FOR IMMEDIATE RELESEASE: JULY 18, 2018
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NEW YORK STATE NURSES ASSOCIATION ANNOUNCES HISTORIC MULTI-MILLION DOLLAR SETTLEMENT OF GENDER DISCRIMINATION CLAIMS AGAINST THE CITY OF NEW YORK AFFECTING OVER 1,600 PUBLIC HOSPITAL NURSES
SETTLEMENT IS BASED ON A DISCRIMINATION COMPLAINT FILED BY NYSNA AND INDIVIDUAL NURSES OVER A DECADE AGO FOR FAILURE TO RECOGNIZE NURSING AS A PHYSICALLY TAXING OCCUPATION
NYSNA COMMENDS PROSECUTORS FROM THE U.S. ATTORNEY’S OFFICE EASTERN DISTRICT FOR THEIR WORK ON THE CASE
$20.8 MILLION DOLLARS WILL BE SHARED BY MORE THAN 1600 NURSES WHO WERE DENIED PHYSICALLY TAXING RETIREMENT RIGHTS BECAUSE NURSING IS A PREDOMINANTLY WOMEN’S JOB TITLE
NEW YORK --- The New York State Nurses Association (NYSNA) announced today a historic multi-million-dollar settlement of sex discrimination claims against the City of New York that affects over 1,600 nurses who work in the City’s public hospitals.
The case was handled by prosecutors from the U.S. Attorney’s office in the Eastern District of New York.
“The settlement is a victory for all nurses and a testament to the hard, physically demanding work that nurses do every day for those in need of care in the public hospitals. It is an acknowledgement of the injustice done to our sister and brother nurses who were denied recognition of the difficult nature of our work, all based on the discriminatory perception that nurses are mostly women and women’s work isn’t physically strenuous,” said Anne Bové, NYSNA Board Member and one of the plaintiffs in the case. “This was a great historical injustice against nurses and though the past cannot be changed, it is high time that the injustice be recognized and that affected nurses are at least compensated for being excluded from earning the same pension rights that other workers in physically taxing jobs received solely on the basis of sex.”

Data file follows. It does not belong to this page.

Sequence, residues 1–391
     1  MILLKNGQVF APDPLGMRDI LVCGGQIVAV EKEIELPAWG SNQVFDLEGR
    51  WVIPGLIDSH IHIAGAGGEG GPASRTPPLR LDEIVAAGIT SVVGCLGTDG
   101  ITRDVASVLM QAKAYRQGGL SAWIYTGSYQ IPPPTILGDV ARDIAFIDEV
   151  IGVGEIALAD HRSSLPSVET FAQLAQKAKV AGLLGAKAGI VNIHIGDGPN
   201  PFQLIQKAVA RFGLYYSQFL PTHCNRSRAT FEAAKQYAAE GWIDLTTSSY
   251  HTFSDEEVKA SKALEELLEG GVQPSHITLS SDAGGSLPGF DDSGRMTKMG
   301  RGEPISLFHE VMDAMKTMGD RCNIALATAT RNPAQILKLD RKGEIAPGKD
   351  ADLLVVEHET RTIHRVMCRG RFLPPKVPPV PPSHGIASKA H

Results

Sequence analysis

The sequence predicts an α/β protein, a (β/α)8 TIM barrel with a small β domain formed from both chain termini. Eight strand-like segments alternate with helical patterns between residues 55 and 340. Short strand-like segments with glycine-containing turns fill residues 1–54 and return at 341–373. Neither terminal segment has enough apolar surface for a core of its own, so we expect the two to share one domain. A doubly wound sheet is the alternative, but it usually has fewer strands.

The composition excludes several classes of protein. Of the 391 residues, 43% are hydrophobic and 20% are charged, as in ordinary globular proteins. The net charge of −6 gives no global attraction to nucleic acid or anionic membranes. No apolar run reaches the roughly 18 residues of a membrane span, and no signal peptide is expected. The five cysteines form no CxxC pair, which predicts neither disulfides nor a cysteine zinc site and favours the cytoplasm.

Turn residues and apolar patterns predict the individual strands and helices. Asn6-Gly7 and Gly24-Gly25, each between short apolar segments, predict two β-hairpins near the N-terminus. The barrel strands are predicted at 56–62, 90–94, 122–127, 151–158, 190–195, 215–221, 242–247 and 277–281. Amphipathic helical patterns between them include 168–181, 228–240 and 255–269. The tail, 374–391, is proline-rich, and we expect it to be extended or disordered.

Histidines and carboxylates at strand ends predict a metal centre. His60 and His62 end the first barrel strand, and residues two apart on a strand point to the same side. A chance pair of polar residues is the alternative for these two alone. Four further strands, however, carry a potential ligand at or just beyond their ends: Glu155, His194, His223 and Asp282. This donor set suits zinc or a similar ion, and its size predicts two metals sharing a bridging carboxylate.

The settlement is based on a sex discrimination complaint filed by NYSNA and four NYSNA-represented public sector nurses ten years ago after the City of New York repeatedly refused to recognize that the overwhelmingly female nursing workforce performs “physically taxing” work and is entitled to equal treatment with the dozens of predominantly male job titles that are formally included on the list.
Job titles that are classified as “physically taxing” are allowed to retire early with no reduction in their pensions because their jobs are physically strenuous. Under the Physically Taxing pension rules, qualified employees in the Tier 4 55/25 and 57/5 pension plans can retire as early as age fifty if they have worked for twenty-five years or more. The City of New York had discretion to add titles to the physically taxing list of titles eligible for early retirement. The city recognized jobs that were traditionally performed by men like bricklayer, mechanic, drill operator, paver, exterminator and dozens of others as physically taxing and eligible for early retirement, but excluded jobs that were normally performed by women like registered nurses and midwives.